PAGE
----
Small Phoenix (6), Common or Buff Footman (5), Clouded Border (1), Black Arches (2), Antler Moth (2, bottom right), Barred Straw (1), Dark Arches (1, bottom left), Green Carper (1), Rosy Footman (3), Brimstone Moth (1), Small fan-footed Wave (3), Large Emerald (1), Lesser Common Rustic (1), Chinese Character (1), Willow Beauty (1), Gold Spot (1, top left), Engrailed (2), Double Square Spot (1), July Highflyer (2, top right)



Tuesday, 30 July 2013

The green green grass (snake) of home....

Yesterday dawned dry, warm and bright so we grabbed a quick brekkie, stuck a load in the washer, and jumped in the car and headed out to the Ynyslas area for a day of wader spotting. Calling in at Glyndwr pool first, all looked quiet with just 3 lapwing amongst the honking canada geese, despite a good coverage of muddy fringes to the rapidly declining water level. After 15 minutes or so alone green sandpiper flew in and promptly went into deep cover.Deciding to try elsewhere, a quick peek over the embankment on the Leri brought us face to face with 3 stunning black-tailed godwits, looking lovely with their brick red plumage glowing in the sunlight.


A quick visit to the beach car park at Ynyslas gave us good views of roosting sandwich terns amongst the gulls, and a large mixed flock of dunlin, sanderling and ringed plover. However, with the sun being out the place was starting to fill up with families and dog walkers, and worst of all, jet ski enthusiasts, so we went on to pastures new. Trying the pools at Ynys-hir seemed like a good idea, and indeed they were. Apart from great views of more green sandpipers, a real treat was in store for us when a gorgeous wood sandpiper appeared from behind a clump of rushes and began to feed, and chase off the green sands, right in front of us. Job done. Before heading back home, a quick stroll around the new boardwalk looking for dragonflies seemed to be the thing to do, and we were rewarded with close up views of black darters and a female southern hawker, who was busy ovipositing in the damp vegetation around the edge of a ditch. Having decided that we had done pretty well, we cut through the woodland to get back to the car park, and got a shock when I almost trod on a superb grass snake; quite easily the largest I've seen in years, at least 3 foot long. To finish things off, we also came across what we believe is a caterpillar of the elephant hawkmoth.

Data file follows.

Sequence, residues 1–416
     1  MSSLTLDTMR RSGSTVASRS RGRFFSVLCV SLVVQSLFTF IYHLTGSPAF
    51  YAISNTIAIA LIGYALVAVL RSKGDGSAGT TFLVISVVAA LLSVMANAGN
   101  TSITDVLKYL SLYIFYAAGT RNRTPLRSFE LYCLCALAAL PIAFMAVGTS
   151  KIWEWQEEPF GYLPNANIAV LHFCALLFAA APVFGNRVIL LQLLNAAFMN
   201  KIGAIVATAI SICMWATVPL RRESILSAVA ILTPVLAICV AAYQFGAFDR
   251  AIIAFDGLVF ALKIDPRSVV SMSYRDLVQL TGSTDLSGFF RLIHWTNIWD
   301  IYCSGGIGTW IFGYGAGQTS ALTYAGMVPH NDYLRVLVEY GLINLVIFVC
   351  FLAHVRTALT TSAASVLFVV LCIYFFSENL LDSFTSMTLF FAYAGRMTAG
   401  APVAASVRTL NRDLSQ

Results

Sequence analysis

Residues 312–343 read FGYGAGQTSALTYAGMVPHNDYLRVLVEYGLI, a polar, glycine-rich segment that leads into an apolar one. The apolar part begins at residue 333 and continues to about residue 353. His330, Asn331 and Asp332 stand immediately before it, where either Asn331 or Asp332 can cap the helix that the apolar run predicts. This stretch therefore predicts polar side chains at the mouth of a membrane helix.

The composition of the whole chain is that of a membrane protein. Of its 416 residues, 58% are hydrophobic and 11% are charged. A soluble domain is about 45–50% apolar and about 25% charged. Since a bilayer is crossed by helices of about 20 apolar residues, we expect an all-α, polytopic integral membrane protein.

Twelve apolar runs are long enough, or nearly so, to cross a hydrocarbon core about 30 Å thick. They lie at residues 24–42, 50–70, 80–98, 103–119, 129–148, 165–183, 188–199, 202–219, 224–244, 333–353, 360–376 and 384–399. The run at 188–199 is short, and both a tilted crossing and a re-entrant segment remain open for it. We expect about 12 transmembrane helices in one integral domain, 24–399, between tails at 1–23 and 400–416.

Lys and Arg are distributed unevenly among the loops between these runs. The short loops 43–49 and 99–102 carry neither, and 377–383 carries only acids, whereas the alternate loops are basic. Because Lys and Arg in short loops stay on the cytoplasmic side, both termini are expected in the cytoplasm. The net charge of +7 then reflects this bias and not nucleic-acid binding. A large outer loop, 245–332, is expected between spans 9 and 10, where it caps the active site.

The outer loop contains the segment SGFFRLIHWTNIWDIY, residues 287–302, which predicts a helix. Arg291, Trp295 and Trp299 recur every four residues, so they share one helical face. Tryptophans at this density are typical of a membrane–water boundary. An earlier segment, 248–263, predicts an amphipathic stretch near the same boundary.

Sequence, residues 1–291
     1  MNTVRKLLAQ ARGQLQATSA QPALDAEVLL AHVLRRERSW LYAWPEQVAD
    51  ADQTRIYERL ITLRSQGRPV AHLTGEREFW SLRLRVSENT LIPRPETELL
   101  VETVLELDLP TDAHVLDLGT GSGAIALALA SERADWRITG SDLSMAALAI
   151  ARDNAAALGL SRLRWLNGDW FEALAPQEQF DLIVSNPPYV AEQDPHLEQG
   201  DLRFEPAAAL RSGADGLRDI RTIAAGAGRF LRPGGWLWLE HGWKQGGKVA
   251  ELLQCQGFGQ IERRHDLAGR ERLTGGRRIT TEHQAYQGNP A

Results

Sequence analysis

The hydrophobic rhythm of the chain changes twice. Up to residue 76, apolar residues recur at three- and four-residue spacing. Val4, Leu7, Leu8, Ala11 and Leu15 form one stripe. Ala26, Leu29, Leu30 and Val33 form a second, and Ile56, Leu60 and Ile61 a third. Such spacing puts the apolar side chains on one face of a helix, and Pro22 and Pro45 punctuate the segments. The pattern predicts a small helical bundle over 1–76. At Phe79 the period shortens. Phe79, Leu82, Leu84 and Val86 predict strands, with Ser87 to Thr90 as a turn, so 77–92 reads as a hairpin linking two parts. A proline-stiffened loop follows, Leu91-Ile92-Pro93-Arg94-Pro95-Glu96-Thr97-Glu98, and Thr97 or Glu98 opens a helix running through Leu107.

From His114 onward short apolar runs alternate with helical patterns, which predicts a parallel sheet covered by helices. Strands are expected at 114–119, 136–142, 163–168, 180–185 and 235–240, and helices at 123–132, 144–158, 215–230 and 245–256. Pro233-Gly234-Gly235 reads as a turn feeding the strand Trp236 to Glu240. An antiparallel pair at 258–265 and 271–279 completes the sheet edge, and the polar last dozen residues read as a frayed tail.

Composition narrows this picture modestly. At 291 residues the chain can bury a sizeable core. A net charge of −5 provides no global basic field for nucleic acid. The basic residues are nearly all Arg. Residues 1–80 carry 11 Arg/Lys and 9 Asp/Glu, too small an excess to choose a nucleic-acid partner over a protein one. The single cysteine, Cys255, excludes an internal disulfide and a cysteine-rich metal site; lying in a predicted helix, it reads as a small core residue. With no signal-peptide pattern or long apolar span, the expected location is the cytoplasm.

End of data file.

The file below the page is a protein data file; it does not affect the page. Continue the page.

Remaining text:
A couple of things from today to round things off - a check this evening on the spotted flycatcher nest after last nights heavy rain storm proved positive, with both youngsters looking healthy and close to fledging. Its exposed position has had us constantly checking on their well being, but so far they have escaped the attentions of any predators and thunderous downpours. Also, on the way back from said nest check, we had a new tick for the garden with this beaut of a slow-worm, which appreciated my delicate handling so much he crapped all over my palm - a small price to pay for a photo opp!

Sunday, 28 July 2013

lepidoptera days

Another update on our recent activities and I'm afraid this time the reason behind our recent lack of posts is sheer laziness. So what have we been up to?